Tony winner and Baltimore native André De Shields posted on Twitter Saturday a photo of himself in a crisp white suit, stating he was on his way to be the grand marshal of the parade down Pennsylvania Avenue.
“Oh, the flavor that was Pennsylvania Avenue — I have pictures that are just amazing, about the people,” says Wanda Watts, event manager for the festival and an East Baltimore native whose mother spent 22 years working for an insurance company on the avenue. “When they’d go out for happy hour — we go out for happy hour in jeans and a T-shirt, but they didn’t — they got dressed-up. We’re hoping to bring some of that back, some of the pride and the history. We don’t want to lose our history; we absolutely do not want to lose our history.”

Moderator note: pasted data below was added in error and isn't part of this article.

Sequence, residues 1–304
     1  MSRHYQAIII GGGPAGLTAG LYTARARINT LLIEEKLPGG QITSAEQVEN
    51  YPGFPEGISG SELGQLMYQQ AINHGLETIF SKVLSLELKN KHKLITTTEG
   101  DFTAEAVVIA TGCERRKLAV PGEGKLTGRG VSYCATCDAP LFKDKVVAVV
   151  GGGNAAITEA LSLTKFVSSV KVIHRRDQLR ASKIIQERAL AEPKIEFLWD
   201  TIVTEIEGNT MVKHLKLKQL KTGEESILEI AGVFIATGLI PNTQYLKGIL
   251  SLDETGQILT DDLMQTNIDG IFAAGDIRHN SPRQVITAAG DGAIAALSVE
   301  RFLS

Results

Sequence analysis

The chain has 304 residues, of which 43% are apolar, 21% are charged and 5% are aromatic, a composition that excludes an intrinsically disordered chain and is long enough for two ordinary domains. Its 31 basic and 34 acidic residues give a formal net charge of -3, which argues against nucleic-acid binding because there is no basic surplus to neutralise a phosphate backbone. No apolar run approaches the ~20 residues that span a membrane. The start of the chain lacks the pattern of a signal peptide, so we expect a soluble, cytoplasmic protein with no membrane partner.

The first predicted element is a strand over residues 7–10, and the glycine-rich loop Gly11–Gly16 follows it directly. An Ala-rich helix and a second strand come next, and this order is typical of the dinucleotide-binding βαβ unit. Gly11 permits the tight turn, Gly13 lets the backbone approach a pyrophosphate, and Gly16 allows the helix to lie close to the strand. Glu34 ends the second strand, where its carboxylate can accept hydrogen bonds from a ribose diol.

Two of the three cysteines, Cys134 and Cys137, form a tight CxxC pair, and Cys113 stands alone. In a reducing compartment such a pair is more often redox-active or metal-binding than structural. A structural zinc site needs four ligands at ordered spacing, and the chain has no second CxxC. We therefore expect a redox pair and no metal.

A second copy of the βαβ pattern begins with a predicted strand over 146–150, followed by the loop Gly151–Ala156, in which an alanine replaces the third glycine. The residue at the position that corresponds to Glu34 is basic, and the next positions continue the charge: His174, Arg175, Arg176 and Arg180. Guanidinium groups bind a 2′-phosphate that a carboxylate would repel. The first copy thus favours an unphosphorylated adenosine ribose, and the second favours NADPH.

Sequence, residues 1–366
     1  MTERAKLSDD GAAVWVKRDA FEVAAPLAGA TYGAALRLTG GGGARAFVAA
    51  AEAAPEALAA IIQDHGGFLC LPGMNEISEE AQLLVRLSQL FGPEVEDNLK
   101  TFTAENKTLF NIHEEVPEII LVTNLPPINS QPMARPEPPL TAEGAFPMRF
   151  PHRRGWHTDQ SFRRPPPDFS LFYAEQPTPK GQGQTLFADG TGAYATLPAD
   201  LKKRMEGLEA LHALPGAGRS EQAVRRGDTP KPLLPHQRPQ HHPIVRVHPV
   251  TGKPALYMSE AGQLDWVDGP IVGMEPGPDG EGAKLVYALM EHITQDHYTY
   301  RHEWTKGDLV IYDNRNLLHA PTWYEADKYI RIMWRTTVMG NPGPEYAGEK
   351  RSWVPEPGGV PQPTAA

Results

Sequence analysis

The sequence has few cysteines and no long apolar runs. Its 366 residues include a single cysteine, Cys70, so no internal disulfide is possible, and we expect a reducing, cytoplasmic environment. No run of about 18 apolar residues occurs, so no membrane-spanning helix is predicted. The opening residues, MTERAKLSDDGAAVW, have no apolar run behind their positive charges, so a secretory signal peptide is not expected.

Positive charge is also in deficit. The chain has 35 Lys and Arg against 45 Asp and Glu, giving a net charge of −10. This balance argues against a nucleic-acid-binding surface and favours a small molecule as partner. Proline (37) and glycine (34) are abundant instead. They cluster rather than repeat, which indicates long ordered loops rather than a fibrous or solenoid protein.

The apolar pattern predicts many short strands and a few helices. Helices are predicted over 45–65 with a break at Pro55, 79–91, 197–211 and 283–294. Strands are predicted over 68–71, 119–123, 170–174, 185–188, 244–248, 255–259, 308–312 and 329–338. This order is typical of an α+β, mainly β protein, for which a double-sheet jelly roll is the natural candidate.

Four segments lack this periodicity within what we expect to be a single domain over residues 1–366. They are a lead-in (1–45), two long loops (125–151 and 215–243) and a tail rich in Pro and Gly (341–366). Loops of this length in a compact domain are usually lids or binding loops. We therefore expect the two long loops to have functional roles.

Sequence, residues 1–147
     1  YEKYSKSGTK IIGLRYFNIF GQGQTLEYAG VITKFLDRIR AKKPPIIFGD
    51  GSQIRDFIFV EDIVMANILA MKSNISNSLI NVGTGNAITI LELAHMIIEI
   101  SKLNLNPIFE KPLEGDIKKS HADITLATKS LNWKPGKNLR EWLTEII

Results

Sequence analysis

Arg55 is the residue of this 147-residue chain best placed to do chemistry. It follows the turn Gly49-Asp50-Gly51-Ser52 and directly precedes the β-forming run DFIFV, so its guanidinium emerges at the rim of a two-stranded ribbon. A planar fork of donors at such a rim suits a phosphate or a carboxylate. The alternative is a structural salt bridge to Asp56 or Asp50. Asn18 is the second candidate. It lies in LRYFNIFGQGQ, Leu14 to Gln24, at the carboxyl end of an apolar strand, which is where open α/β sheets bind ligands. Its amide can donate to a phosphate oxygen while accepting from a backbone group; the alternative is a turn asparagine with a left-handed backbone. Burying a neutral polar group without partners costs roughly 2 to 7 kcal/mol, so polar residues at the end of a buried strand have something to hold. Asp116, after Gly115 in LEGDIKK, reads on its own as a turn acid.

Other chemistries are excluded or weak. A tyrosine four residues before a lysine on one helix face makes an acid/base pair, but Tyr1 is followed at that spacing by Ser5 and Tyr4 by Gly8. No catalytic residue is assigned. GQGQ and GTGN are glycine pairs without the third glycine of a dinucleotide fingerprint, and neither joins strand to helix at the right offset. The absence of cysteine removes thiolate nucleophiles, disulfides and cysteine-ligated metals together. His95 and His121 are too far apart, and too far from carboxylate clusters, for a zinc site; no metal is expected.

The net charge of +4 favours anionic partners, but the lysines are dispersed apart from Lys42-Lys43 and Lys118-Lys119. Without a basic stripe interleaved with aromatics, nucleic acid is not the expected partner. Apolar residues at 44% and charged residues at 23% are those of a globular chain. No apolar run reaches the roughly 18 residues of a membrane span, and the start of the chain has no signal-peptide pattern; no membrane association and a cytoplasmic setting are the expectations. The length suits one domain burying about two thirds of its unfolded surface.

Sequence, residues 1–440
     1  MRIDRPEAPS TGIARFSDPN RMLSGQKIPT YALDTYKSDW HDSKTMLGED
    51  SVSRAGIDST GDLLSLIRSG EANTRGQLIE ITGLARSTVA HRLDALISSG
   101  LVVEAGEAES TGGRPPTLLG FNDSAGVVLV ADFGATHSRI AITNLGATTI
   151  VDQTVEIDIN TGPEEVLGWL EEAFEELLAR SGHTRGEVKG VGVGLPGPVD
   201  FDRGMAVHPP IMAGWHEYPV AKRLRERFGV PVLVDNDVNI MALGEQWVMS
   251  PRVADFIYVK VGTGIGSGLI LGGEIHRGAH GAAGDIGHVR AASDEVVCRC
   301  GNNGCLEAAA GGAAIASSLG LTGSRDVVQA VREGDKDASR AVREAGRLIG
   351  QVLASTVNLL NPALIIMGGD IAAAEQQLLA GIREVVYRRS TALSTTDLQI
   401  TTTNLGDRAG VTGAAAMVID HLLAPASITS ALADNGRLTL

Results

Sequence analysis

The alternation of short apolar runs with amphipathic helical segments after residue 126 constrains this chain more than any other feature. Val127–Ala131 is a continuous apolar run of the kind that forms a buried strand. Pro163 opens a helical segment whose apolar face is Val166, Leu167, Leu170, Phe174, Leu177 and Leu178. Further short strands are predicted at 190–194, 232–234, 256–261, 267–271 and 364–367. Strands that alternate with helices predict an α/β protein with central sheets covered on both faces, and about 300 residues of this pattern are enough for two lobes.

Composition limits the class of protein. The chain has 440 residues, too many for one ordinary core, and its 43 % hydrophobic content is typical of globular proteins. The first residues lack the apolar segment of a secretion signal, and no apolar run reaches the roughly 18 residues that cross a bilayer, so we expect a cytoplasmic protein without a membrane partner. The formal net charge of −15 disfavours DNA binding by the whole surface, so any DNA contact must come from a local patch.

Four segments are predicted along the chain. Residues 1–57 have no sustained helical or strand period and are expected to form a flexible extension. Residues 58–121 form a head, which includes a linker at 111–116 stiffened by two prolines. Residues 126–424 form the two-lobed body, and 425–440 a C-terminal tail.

For much of the first half of the 20th century, Pennsylvania Avenue was a thriving center of black culture and arts, lined with movie theaters and jazz clubs, fine restaurants and prosperous businesses. A key stop on what was known as the Chitlin’ Circuit, performance venues in the eastern half of the U.S. that were essential stops for black singers, dancers, comedians and other entertainers, the avenue was a wonder to behold.
“It was a mecca for jazz,” says Watts. “When people came to Baltimore City, they knew they were gonna have jazz, great jazz outlets.”